Splashing down on Netflix today is the Korean action-adventure movie, The Pirates: The Last Royal Treasure. The movie – from director Jeong-hoon Kim – is the spiritual sequel to 2014’s The Pirates, and stars Han Hyo-joo and Kang Ha-Neul.
The film follows the story of a Captain Hae-Rang and her crew as they go in search of treasure. In the movie, Hae-Rang’s ship crosses paths with a group of fishermen, and after some initial disagreements (including a dash of double-crossing), they join forces on a quest for royal gold.
Along the way the pirates meet up with a rival group, who are on a similar mission. This second group is considerably more cutthroat than Hae-Rang’s crew and the two opposing sides soon engage in combat.
However, this small scuffle does not deter either side and they are soon back on the open seas, continuing their treasure hunt. But will they reach their goal, or will the forces of nature scupper their plans?
Right off the bat I’m going to be quite clear about The Pirates: The Last Royal Treasure and say it is a real mixed bag, which has some really good elements and one element which is really weak. And unfortunately, the really weak element brings down a great deal of the good stuff.
My issue with The Pirates: The Last Royal Treasure is that this film has no story. Oh, don’t get me wrong, there’s a narrative of sorts stretched over this two-hour movie, but it’s weaker than tissue paper and just as disposable.
If the plot summary at the beginning of this review sounded threadbare it is because not a great deal happens in the film. There are some pirates, they search for treasure, there’s a fair bit of shouting, some back-and-forth between characters, and a resolution, and that is pretty much it.
In terms of the story, the film never goes anywhere surprising, nor does it try anything new. It is a bog-standard adventure romp, that works at a very basic level and requires a significant amount of patience to see it through.
I stuck it out, but I expect some will not. To me, the story felt rather poor, like something I would have dreamt up as a kid, and acted out in my living room, leaping off the furniture while pretending I was a salty seadog – or something along those lines.
So, yeah, the story is rubbish. I struggled with it, and found it hugely detrimental to everything else in this movie.
However, if you can bench the weak story (and I know how difficult that is), the other aspects of the film are superb. The Pirates: The Last Royal Treasure boasts some fantastic visuals, some excellent fight choreography, and a few spots of humour.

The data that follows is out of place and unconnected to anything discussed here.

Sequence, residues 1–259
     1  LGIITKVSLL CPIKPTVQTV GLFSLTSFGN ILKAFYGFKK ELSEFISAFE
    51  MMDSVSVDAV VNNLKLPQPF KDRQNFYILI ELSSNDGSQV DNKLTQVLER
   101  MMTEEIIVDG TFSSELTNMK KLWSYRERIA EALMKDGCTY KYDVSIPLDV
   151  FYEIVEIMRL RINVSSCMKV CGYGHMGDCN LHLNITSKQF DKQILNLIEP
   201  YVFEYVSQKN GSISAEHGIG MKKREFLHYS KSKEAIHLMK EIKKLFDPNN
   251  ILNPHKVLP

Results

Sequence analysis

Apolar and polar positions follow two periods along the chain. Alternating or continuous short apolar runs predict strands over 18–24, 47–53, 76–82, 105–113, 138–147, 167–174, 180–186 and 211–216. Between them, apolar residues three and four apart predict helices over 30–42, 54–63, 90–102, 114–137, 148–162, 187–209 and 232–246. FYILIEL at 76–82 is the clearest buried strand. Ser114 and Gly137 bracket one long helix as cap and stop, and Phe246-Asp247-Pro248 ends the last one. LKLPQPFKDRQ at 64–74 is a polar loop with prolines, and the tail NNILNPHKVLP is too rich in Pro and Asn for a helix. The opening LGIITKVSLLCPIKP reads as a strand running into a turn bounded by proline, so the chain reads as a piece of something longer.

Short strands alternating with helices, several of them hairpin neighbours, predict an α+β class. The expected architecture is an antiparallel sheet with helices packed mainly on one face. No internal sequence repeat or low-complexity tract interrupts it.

When the film leans into the action, it is a lot of fun. There are some strong fight sequences in the picture, including some good old fashioned swashbuckling scenes, and I liked this aspect of the movie very much.
Every time a character drew a sword, threw a punch, or swung through the air on a rope, the movie suddenly came alive. Excitement filled the screen and everything fired on all cylinders.
The poor story was momentarily forgotten, and I found myself lost in the magic. And the same could be said when it came to some of the visual flourishes in the movie too – this is where the film really hit its stride.
The Pirates: The Last Royal Treasure looks exquisite at all times, but there are some scenes in particular which go that extra mile. From an undersea swim with jellyfish, to a lightning-filled climactic showdown, there are sequences in the film which really pop off the screen.
No matter how many times I found myself losing interest in the ongoing narrative, I never got bored of looking at the picture. This is where the film truly excels and had I simply been watching for the visuals alone, I would be more than happy with what was being offered.
But good visuals and enjoyable action do not make the perfect film. Nor does that aforementioned dash of humour which added a light touch here and there.
For a film to work it needs to tick all the boxes and sadly, The Pirates: The Last Royal Treasure comes up empty in the writing department. This is something which can’t be overlooked, and the poor story leaves a cannon ball-shaped hole through the hull of this film.
Director Jeong-hoon Kim does a fine job of bringing the action and adventure to the screen, and hats off to the production team for making this movie look so good, but alas, The Pirates: The Last Royal Treasure doesn’t quite cut it. I would love to see the visual aspects of this movie applied to a better script, and I believe Kim certainly has the right eye for this type of film, but as it stands this particular movie falls flat.
Watchable and certainly enjoyable in places, the movie has its moments, but those moments aren’t quite enough to save it. Due to the one very significant problem, which stopped me from becoming completely invested, it is a misfire for me.